Compromise can be broadly defined so I’ll give some examples. One. Dude-magoog has trouble sleeping some nights. The reasons are between us but suffice to say we’ve had to do a lot of compromising on check-ins, time he goes to bed, pre-bed routine, and after weeks of trying to be firm, a lightbulb went off. I want to preface this by saying I am not a great bedtime parent. I am ready for him to go to bed, and don’t really get the multiple-check-in-after-the-first-one requests. But, because of where he’s at, he thinks they’re great. The problem is he stays up waiting and waiting and waiting and then is up all night. Me being the final-face before sleep was a situation that sprang up and surprised us all. So, his needs versus my, ‘just go to bed’ mentality, had to be quickly reconciled so the scale didn’t tip over. We finally stumbled on a great compromise – he gets a second check, before I go to sleep, on Sundays (or, Easter Monday). Sometimes, you just have to go to bed. But, sometimes, it really sucks when things are over and you feel overwhelmed or happy and excited, or whatever, and you just need an extra check.

What I want to draw your attention to, is our willingness to compromise and continue to find the best solution with our kids because they are learning to be their best self. We are instilling lessons about self-respect, boundaries, and good decision-making practices. More than that, self-care, and self-monitoring. We inherently understand what we need to give up to successfully raise kids; time, sleep, privacy. We choose to have kids because we are ready (for the most part) to do this, in one way or another – no matter what that looks like to someone else.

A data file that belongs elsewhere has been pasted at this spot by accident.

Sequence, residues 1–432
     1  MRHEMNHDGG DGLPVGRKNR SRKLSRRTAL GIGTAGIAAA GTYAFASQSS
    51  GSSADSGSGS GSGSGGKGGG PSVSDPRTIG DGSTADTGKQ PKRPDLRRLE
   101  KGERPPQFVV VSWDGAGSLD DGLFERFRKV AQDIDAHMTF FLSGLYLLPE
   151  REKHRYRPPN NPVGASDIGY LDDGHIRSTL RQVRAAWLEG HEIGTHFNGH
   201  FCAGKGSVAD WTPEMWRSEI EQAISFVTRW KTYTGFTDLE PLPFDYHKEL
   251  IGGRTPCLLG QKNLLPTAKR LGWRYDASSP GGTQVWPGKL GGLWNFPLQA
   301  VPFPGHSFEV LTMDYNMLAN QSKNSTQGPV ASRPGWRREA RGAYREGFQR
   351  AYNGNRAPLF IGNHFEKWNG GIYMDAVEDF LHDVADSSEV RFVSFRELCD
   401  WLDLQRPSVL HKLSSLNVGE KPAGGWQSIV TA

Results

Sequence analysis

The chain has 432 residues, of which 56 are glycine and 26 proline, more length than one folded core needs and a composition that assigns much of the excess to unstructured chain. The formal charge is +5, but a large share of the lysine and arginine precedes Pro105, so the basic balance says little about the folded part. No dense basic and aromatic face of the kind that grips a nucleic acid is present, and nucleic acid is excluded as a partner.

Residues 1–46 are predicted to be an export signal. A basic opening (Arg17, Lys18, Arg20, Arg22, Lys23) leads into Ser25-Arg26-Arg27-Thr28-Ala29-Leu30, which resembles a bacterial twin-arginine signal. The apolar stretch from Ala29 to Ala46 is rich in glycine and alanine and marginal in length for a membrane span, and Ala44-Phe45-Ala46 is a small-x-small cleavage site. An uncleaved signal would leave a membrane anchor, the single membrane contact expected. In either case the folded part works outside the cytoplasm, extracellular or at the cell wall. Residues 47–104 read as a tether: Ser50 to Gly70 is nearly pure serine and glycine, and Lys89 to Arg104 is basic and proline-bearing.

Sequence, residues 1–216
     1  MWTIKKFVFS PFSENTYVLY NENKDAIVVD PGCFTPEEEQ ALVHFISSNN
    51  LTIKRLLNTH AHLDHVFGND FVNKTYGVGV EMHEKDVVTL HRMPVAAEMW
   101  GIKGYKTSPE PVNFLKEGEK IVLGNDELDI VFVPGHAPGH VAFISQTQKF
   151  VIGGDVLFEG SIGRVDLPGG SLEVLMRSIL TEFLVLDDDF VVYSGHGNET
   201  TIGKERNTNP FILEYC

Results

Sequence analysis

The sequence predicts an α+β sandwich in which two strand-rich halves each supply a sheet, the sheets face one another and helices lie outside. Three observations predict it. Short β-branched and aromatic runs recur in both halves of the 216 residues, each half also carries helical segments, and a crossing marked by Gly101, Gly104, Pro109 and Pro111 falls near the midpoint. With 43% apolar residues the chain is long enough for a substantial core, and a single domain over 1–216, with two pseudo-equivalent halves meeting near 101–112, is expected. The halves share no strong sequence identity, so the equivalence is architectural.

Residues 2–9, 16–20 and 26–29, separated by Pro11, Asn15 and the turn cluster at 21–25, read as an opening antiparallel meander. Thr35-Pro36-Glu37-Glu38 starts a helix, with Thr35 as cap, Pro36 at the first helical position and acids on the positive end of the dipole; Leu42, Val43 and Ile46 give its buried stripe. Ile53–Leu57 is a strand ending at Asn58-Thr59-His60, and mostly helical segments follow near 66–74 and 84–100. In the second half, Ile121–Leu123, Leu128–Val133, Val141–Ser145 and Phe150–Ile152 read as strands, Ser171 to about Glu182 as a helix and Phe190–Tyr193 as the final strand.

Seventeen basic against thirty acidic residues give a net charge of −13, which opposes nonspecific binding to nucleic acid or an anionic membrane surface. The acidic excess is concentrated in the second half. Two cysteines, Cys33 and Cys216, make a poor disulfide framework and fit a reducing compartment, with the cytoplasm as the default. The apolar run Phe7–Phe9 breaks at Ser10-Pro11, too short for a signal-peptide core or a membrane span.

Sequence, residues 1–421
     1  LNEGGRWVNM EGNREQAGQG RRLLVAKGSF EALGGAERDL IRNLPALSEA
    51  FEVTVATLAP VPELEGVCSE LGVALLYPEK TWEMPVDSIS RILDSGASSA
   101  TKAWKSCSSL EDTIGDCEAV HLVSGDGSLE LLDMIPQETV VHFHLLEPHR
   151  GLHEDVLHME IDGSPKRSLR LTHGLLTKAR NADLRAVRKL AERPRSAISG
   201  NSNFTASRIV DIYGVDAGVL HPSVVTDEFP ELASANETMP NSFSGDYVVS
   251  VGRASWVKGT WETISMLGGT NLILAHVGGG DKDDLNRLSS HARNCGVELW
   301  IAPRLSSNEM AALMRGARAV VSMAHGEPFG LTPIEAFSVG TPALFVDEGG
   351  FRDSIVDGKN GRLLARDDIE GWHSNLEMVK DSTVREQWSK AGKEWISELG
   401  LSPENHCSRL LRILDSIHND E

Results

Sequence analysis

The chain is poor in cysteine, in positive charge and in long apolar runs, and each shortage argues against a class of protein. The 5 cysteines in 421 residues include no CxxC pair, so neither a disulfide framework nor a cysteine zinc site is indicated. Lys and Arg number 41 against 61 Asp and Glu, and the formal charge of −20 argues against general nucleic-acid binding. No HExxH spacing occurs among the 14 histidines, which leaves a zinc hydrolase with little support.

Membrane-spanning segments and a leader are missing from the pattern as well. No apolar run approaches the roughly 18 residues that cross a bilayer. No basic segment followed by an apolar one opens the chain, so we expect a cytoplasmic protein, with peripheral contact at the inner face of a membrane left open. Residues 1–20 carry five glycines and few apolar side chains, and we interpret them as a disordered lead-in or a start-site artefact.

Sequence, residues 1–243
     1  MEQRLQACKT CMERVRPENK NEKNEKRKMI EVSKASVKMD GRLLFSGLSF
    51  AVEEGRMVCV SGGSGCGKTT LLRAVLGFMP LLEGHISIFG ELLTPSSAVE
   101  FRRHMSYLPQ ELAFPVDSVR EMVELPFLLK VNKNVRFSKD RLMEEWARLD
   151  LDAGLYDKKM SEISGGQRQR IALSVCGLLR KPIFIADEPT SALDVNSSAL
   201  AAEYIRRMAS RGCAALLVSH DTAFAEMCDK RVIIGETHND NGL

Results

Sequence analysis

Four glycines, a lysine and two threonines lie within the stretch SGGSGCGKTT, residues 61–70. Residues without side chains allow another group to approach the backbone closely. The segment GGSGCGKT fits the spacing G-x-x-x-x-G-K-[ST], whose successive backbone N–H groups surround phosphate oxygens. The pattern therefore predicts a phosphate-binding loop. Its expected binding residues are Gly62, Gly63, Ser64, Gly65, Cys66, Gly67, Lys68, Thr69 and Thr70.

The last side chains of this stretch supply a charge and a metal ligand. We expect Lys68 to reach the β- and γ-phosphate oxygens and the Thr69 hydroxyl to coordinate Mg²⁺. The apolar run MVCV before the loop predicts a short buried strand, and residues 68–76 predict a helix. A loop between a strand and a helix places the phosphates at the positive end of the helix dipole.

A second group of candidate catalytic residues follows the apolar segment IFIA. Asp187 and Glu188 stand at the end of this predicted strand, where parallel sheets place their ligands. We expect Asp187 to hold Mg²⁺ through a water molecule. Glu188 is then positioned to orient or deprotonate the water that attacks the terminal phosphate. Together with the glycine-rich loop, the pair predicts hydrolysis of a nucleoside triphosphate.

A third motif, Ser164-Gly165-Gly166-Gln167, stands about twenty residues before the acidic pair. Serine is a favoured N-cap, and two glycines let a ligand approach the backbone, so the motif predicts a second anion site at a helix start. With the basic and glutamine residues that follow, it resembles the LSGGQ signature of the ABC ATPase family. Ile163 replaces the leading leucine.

When does that stop? The willingness to continue seeing things from the others perspective so you can stay on track. Does it stop for everyone? I know a mother who, to this day, calls all four of her kids daily, visits monthly (so, is not home often!), babysits, goes on vacations, and invests themselves in helping her kids raise her seven (or eight) grandkids. Lovely, no? Don’t think that my mum is not invested in family. She is very committed to her mother, being present in her aged years, transitioning from home to nursing home. This is firmly where she wants to be, and I am in no way judging that decision. It is what she needs, and I had to come to terms with that eleven years ago. She is available to me via phone, text, letter, and travel. This was a lesson that was carved into my brain with a corner chisel. Deep, slow, and measured… a distancing that was forced to be accepted; like breaking up with someone you still love, because they want to be with your best friend. My mum will (in the kindest meaning possible) ‘get around to us’ when she is ready to spend more time in Ontario.